Using the Understanding of When SAFe® Is Heavy Is How to Use It Properly a Organizations Smaller Than It Was Designed For

September 27, 2014 — Posted by Al Shalloway

Note: this blog is part of the Series of Blogs on Scaled Agile, Lean and SAFe®

I’ve had a very interesting few weeks. At Net Objectives we’ve always put the customer first, even if this meant not offering a technology we were certified to teach. This has also made us unpopular with several of the certifying bodies that we’ve worked with.  The Scrum Alliance didn’t like when we said you needed Lean, LKU didn’t like it when we said teams were important, and I’ve been waiting for the day when SAI will tell us they don’t like that we say every approach has limits so therefore SAFe must have them as well.  This last one hasn’t happened btw and given they’ve had almost two years to do so, I’m figuring it won’t.  Just one of the many reasons I like working with SAI.

We never have (nor will) try to sell an approach just because someone wants it.   We always look to see when it is appropriate.  I’ve also long said that to truly be an expert in an approach you must know its limits – that is, where it does not apply.  This has always made me wary of the large numbers of people who do either Scrum or LKU Kanban but not both, but that’s another story.

In any event, I’ve had a couple of clients that don’t match the SAFe profile yet want to do SAFe.  In both cases, there is value in SAFe for several reasons:

  • SAFe provides an enterprise agreement on how work is to get sequenced and started
  • How to avoid shoulder taps
  • How to load balance teams
  • How to have teams work together

The first two are actually compelling but doing an overly heavy release planning event didn’t seem appropriate.  This is the case that got me into looking at what really is it about SAFe that can be heavy.  And, more importantly, when does it manifest itself.  See What Is It That Can Make SAFe® Heavy?

But now that I understand what is heavy about SAFe and when, it seems fairly simple to use the framework part of SAFe and not do a heavier than needed release plan.  This is actually pretty easy.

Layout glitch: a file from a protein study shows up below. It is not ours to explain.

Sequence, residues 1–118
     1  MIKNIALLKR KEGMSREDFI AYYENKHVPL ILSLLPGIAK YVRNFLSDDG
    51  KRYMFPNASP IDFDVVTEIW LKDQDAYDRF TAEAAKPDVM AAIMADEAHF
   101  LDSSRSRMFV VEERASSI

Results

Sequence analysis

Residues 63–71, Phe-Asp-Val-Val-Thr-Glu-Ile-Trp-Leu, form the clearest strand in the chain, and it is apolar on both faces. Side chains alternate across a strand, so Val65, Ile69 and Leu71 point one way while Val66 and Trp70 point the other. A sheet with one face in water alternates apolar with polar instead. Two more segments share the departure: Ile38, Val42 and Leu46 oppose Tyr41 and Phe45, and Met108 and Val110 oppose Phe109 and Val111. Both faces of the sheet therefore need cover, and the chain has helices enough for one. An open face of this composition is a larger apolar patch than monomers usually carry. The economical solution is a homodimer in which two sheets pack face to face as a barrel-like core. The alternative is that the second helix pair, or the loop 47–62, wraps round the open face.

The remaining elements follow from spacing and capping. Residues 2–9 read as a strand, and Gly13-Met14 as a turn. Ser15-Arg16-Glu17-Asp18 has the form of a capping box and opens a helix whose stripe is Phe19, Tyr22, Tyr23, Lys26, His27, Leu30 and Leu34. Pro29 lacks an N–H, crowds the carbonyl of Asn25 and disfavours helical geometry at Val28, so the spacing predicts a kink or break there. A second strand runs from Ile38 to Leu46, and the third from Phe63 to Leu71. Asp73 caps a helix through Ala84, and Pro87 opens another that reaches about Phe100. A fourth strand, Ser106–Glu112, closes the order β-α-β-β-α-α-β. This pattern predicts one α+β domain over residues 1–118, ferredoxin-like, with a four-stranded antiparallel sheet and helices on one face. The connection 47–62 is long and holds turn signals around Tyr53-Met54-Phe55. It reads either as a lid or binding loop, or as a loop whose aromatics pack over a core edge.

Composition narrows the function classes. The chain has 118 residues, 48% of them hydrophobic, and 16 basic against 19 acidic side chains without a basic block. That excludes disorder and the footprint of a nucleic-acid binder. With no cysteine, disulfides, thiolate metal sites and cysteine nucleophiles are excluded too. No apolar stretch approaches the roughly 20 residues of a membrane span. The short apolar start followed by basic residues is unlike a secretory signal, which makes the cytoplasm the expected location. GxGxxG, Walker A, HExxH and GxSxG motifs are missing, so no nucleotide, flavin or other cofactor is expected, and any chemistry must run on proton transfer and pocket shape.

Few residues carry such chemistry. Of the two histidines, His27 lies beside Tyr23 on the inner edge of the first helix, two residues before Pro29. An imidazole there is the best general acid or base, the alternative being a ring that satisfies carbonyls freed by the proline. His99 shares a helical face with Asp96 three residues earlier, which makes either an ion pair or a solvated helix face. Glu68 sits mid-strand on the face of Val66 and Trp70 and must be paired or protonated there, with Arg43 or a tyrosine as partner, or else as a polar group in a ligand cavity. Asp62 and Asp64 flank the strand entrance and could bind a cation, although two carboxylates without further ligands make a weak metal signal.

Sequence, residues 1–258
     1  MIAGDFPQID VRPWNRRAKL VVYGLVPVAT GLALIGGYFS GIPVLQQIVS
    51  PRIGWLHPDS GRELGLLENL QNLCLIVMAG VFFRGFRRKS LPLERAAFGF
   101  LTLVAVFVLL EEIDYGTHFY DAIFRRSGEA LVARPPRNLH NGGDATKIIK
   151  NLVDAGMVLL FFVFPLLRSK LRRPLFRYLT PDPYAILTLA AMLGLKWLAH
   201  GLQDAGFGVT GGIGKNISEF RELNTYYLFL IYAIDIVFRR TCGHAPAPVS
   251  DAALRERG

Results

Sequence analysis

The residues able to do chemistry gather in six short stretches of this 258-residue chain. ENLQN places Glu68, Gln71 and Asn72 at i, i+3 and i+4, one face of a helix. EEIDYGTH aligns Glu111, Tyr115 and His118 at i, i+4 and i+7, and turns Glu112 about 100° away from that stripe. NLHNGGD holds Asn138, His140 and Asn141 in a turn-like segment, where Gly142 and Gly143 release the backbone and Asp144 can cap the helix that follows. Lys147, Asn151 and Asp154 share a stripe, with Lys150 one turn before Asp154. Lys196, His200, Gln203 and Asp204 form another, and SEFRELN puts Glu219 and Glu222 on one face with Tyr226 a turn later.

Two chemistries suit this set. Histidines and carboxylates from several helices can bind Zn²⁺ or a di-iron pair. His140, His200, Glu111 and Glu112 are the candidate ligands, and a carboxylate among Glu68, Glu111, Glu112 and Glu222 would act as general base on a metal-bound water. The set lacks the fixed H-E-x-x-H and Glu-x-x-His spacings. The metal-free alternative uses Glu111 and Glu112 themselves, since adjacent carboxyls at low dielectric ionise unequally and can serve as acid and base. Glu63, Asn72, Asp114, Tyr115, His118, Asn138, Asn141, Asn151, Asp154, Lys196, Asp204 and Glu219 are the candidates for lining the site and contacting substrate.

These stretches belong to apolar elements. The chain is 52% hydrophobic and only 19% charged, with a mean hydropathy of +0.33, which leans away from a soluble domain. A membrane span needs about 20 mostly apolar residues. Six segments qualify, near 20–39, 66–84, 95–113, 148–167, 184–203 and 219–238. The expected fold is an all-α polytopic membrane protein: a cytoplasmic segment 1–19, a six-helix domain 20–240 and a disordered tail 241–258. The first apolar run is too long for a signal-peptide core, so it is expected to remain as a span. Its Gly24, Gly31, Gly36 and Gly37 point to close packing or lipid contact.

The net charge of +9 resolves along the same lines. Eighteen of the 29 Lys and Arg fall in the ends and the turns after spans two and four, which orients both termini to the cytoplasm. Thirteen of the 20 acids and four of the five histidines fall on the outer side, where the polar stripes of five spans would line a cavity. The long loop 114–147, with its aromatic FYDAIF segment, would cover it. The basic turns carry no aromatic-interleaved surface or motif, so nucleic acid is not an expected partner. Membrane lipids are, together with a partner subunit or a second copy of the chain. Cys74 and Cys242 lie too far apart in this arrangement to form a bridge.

So what I’m left with is to avoid SAFe being heavy by adjusting the planning event to be lighter when the degree of planning and detail isn’t called for.  The 2-day planning event is just as much about socialization as it is about planning.   So the key is to adjust the degree and length of the planning.  Several folks might be left with a big “how?” but, since we’ve been doing Lean-Agile at scale for years, we’ve got lots of ways to coordinate teams.  See Mid-Scale Lean Agile Software Development

In both cases these conversations have created an opportunity to do SAFe in a lighter way than prescribed.  This enables us to get the holistic view of things without the heaviness.  This is important, as I discussed in an earlier blog: Insights at Agile 2014 Part 1 of 3

The bottom line is that anything can be misapplied (and typically is more than not).  What you want to do is get a partner to help you that is more attached to your needs than their solutions.   One easy way to tell who that might be is count the number of ways they have to help you. 

Please discuss these on the Lean Systems Society Discussion Group.

Al Shalloway 
CEO, Net Objectives

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About the author | Al Shalloway

Al Shalloway is the founder and CEO of Net Objectives. With over 40 years of experience, Alan is an industry thought leader in Lean, Kanban, product portfolio management, SAFe, Scrum and agile design.



        

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